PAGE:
This implies several consequences: Many customers should be in a position to adapt to higher oil prices by buying electric cars, which are due to come into the market during the next two years. A car with a range of a hundred miles should serve most people's daily needs even absent fast charging infrastructure and replaceable batteries. Light electric trucks with a range of 100 miles for local delivery are already on the market and have been bought, for example, by the British Royal Mail. Essentially, short range transport can be accommodated via electric vehicles quite easily.
Of course, electric vehicles, especially if they use lithium-ion batteries, are quite expensive because of the battery price. However, for urban customers less efficient but less expensive batteries (nickel cadmium, lead-acid) can be used, since they drive shorter distances. Additionally, electric car production is currently a boutique industry. Mass production tends to lead to more refined production process which decreases costs, so the price is likely to drop with an increase in production. Finally, electric engines have few moving parts, so they last longer than internal combustion engines, at least if GM's EV-1 is any indication. A car that lasts longer and requires fewer repairs is a better investment, other things being equal. And electricity is less expensive than gasoline (it costs you about $1 to "fill up" an electric car for 100km).
On the other hand, rail can be electrified (in much of the developed world it already is), although expanding it takes time. Shipping would need to adapt late to a shortage, and can revert to coal or shift to large, nuclear-powered freighters.
Because of this I'd argue that trucking is the largest medium-term problem. Batteries aren't advanced enough to allow long-distance trucking, developing a replaceable battery infrastructure, while it's being proposed (rummage around for the English or French version or google "Renault Fluence ZE") it takes time. The same goes for the other two alternatives, shifting to hydrogen or natural gas for trucking, at least as a temporary measure (natural gas would probably be the easiest solution).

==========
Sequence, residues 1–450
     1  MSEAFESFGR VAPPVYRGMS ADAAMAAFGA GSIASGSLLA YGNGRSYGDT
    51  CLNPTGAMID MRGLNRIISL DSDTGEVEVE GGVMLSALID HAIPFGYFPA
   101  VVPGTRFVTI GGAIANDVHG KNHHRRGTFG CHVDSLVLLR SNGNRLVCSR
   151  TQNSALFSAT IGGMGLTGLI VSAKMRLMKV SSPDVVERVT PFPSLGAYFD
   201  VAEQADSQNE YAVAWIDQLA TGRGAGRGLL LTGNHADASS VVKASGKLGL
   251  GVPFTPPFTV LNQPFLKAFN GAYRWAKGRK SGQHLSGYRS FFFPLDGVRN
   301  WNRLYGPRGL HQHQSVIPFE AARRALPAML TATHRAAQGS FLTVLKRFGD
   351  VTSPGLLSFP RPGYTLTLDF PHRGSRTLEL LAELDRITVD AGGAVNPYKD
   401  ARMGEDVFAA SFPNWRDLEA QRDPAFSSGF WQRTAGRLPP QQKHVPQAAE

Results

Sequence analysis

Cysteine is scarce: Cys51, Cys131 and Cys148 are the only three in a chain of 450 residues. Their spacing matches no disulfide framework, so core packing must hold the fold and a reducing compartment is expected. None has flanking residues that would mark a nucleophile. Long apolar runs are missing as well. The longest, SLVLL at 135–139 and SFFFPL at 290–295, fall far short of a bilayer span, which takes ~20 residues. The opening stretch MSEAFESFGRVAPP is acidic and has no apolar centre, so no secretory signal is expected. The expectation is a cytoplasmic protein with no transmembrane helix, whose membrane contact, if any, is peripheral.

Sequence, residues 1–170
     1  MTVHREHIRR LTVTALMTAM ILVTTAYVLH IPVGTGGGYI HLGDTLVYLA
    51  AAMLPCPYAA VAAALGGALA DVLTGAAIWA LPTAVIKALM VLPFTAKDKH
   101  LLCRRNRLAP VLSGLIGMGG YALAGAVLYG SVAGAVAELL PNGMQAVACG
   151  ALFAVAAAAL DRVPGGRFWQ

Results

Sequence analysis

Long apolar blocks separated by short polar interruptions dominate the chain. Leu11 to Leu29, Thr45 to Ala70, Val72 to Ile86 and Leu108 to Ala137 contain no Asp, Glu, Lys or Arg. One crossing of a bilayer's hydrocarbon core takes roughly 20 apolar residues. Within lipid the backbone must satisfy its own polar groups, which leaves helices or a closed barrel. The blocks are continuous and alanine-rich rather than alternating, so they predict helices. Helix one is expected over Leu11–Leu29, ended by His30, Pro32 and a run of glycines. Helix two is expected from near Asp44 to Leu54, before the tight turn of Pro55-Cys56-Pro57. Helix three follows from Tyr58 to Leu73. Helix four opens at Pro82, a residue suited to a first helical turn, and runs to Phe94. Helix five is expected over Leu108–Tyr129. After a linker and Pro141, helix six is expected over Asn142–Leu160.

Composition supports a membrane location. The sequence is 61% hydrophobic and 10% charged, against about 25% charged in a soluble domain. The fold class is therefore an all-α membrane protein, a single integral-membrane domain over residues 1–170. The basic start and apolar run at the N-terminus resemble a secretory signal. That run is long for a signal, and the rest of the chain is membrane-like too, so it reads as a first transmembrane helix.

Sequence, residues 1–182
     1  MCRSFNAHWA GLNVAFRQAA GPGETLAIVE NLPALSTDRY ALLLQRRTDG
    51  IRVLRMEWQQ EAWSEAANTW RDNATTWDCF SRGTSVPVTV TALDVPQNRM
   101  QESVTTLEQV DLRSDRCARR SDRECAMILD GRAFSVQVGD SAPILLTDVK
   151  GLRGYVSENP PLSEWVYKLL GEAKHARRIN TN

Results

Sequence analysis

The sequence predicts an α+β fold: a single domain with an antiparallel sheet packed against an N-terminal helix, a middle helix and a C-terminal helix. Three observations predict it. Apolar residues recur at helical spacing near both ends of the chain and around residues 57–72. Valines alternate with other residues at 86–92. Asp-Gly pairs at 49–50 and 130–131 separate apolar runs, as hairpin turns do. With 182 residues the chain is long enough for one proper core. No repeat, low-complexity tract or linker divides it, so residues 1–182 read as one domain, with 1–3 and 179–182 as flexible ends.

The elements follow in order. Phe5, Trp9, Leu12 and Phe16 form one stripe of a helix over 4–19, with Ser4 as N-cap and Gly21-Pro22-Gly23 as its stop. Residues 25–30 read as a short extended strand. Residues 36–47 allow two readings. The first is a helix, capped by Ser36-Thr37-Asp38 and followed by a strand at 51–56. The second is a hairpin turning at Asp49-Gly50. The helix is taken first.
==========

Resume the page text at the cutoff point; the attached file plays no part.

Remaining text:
b) Large Towns, Small Towns
This creates an interesting situation. Kunstler, for example, claims small towns are the future. I would disagree. When adaptation starts (late) we can be reasonably sure areas with a high population density will be served first, because (i) developed areas usually have a larger purchasing power, (ii) oil use per person is lower in high density areas so people will retain more purchasing power, (iii) alternatives (electric rail/short-range electric trucking) are easier to implement, and (iv) serve more voters.
Those regions will be connected to the food-producing hinterland by rail, insofar as they aren't already (and they to a large extent already are). Small towns will probably be quite a bit down on the list, unless they're vital for food production, raw materials, or another reason. Sure, small towns with domestic biofuel production and/or electricity generation will survive, but I'd argue it will entail substantial hardship. Conversely, population and manufacturing will again concentrate around railroads, waterways, and coastlines.
The suburbs? Their demise might have been greatly exaggerated. I think that when considering the death of suburbia we are dealing with an empirical question, not a general, overarching trend. Since suburbs differ, I would estimate their chance of survival based on (i) distance from places of employment, (ii) distance from stores and clinics, (iii) their population density, which implies the feasibility of public transportation, (iv) the affluence of the suburb, which allows the residents to switch to electric vehicles, and (v) the willingness of the residents to do so.
4. Private Adaptation, Public Adaptation
The reason I'm not that pessimistic about adaptation to oil scarcity, not even in the United States, is that, while the state will have to get involved at some point, there is much individuals and businesses can do.